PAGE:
An organisation as remarkable as its Founder

Christel DeHaan, Founder, Christel House
Christel DeHaan, Founder, Christel House

The story behind how this organization was setup is as interesting as its educational principles. Setup by Christel DeHaan, it is one of the many schools that falls under the Christel House International network of schools that are present in four continents. The first being in Mexico in 1998, followed by schools in South Africa, Venezuela, USA, Serbia, and, of course, India. However, Christel DeHaan is more famous for her contributions to the time-share exchange business, Resort Condominiums International (RCI), which she co-founded with her husband Jon DeHaan, in 1973. To put her association with RCI in a nutshell – In 1979, when he suffered a heart attack, she took over the company’s daily management. In 1987, she was awarded half the company when she and Mr. DeHaan divorced. In 1989 she purchased the rest from her ex-husband for $67.5 million. Six years later, in 1996, she became doubly rich when she sold RCI for for $825 million and pocketed $550 million in cash.

But unlike many who keep their fortunes to themselves, DeHaan decided to use it on helping others instead. And it was her upbringing coupled with her visit to two orphanages on a visit to Mexico in 1998 that led her to work for children. Born in Nordlingen, Germany in 1942 (at the height of Nazi power), she was left fatherless when her father, a German soldier, died in the war. She was raised in the ruins of post-War Germany by her mother, to whom she attributes a great deal of her inspiration. Even though they were living in a time of need, her mother never let her feel they were deprived. There was always place at the table for others and the neighbourhood children would often share their food.

In Mexico, she saw that children were warehoused in crowded dormitories with only a tiny patio for nearly 150 to play. Washing was done by hand, and hung on the roof to dry. The other facility had no electricity — the generator was broken — and water was gathered from a cistern. To get to school, the children walked five kilometers because the school bus was broken. When she looked at these conditions, she realized that writing a check would make life easier for the short term but, in the end, the cycle of poverty into which these children were born was destined to repeat itself for generations. That realization gave rise to founding Christel House on the principle that while education is a great equalizer and the pathway to a better life; to truly help impoverished children, it needed to be combined with a holistic approach to human development. This explains why Christel House Foundation’s mission is, “to help children around the world break the cycle of poverty realize their hopes and dreams, and become self-sufficient, contributing member of society.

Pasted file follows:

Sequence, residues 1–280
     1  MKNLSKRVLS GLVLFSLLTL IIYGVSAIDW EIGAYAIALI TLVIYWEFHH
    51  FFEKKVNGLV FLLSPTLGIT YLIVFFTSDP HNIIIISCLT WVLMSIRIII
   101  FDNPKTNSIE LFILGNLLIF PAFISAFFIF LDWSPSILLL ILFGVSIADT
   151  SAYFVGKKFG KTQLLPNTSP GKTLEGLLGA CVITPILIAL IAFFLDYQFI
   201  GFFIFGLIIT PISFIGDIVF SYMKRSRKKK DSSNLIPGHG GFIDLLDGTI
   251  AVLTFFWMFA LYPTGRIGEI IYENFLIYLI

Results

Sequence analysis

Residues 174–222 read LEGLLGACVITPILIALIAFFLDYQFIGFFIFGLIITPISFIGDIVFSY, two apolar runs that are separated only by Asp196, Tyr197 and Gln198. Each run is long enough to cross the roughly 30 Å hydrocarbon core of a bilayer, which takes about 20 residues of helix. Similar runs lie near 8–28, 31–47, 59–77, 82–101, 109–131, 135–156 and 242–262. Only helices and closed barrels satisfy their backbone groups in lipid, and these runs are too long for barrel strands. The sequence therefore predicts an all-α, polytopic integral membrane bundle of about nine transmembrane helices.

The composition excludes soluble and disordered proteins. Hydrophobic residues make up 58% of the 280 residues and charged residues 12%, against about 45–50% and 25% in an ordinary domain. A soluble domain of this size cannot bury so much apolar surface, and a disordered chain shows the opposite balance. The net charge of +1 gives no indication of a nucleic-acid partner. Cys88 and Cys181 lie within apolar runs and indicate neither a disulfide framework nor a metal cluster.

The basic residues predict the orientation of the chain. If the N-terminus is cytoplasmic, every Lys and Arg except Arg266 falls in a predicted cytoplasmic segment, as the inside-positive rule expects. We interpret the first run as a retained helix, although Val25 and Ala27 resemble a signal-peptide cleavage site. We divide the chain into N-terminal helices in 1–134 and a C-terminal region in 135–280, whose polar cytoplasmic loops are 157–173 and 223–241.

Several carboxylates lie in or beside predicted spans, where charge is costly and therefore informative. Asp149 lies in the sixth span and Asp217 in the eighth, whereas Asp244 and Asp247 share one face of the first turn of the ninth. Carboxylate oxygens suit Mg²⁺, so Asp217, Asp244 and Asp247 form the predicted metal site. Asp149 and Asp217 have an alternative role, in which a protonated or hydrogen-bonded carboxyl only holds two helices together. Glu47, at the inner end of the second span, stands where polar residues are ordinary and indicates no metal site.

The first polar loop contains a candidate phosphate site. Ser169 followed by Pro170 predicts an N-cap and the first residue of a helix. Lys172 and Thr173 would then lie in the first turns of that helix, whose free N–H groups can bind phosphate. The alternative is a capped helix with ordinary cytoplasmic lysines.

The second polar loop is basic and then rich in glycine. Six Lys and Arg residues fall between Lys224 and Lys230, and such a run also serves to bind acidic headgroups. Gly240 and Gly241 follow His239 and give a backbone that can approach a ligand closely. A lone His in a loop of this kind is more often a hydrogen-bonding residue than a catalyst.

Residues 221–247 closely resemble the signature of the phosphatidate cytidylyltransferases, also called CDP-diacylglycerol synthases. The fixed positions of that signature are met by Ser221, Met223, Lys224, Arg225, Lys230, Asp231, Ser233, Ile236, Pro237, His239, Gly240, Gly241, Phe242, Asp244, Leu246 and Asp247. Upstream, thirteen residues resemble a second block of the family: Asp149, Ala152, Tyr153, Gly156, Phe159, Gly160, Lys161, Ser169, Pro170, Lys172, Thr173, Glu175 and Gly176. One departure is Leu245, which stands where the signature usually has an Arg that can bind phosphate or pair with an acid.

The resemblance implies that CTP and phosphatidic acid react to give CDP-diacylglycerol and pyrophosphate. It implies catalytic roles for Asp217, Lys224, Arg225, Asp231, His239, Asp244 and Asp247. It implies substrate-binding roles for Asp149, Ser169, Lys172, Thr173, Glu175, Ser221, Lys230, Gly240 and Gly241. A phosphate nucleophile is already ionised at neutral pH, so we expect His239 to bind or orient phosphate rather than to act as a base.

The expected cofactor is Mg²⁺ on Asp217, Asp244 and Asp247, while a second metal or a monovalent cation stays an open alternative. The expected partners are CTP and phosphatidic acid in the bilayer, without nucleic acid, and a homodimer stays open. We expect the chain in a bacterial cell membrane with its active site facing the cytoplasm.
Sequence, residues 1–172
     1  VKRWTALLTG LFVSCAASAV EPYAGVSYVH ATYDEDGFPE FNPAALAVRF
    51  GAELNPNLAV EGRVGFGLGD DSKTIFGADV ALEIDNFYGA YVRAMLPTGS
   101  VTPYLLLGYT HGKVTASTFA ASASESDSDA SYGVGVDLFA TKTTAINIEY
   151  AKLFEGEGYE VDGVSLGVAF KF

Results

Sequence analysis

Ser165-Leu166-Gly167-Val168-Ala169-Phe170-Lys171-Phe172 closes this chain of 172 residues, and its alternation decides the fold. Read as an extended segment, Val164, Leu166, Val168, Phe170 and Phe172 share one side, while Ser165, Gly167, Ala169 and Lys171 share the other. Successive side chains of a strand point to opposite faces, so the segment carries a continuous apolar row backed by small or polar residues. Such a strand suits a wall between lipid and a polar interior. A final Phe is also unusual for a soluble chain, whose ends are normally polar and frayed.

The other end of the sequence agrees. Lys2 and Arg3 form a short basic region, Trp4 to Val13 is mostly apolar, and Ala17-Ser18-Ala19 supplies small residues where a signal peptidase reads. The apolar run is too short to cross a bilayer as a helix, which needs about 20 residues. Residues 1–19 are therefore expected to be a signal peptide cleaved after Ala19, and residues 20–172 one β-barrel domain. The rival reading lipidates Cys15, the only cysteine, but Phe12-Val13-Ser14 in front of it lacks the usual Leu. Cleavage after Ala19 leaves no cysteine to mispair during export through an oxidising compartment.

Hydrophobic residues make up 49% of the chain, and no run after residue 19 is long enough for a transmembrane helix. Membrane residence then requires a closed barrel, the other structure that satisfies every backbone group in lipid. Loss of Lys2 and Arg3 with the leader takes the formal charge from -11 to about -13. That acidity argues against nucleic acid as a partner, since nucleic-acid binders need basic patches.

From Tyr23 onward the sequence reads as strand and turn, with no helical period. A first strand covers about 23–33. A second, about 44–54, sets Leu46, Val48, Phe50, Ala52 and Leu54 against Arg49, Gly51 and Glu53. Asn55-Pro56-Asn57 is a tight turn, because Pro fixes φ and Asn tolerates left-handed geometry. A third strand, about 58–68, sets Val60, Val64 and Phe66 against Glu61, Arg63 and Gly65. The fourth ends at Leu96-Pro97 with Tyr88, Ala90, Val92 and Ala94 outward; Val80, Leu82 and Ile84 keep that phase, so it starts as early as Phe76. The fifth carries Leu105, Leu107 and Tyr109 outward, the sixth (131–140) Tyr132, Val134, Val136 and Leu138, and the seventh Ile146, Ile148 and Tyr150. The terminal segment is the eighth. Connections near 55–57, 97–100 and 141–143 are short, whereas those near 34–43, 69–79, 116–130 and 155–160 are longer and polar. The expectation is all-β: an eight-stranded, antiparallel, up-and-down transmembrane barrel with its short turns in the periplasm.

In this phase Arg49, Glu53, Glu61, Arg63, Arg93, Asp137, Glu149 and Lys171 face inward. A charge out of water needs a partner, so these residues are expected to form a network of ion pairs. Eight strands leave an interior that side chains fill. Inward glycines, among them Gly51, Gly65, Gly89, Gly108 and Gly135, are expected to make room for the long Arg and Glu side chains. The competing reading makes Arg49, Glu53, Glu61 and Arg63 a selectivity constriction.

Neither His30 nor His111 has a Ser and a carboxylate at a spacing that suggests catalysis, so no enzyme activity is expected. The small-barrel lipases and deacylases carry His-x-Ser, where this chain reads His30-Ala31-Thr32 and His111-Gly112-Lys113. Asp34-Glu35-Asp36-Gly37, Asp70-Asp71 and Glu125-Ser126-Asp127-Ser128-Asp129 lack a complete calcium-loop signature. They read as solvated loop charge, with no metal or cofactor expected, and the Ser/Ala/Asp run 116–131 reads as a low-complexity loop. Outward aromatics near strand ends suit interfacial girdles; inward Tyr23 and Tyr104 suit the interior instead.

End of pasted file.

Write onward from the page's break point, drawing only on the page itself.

Since inception, DeHaan has been working hard to ensure that her program produces real and permanent change. It’s no secret that she spends eight-hour days in her office four days a week overseeing administrative matters. She helps pick principals for each of her schools, which she visits at least once a year and holds weekly Skype conference calls with each facility’s upper management.

Christel House Foundation centers are found in countries where the RCI business evolved and grew – essentially to give back to the communities where the business flourished. They are known as “Houses” because she wanted the children to feel that this is their house/home. It’s been 15 years that she has been running the show as president, chairwoman and grandmother in chief! Till date, she has given $100 million of her own money to the organization (out of the $130 million needed to establish the schools). She has pledged to cover the organization’s overhead costs forever. She leverages her contribution by soliciting corporate donations of goods and services: computers, medical supplies, clothes and books from such outfits as Microsoft, Marsh Supermarkets and RCI itself. She’s even planning to give her mansion — assessed for tax purposes at $4.3 million — to the school when she dies.

So remarkable is her story that even Oprah Winfrey came to her for advice on how to get her own international school in South Africa up and running!

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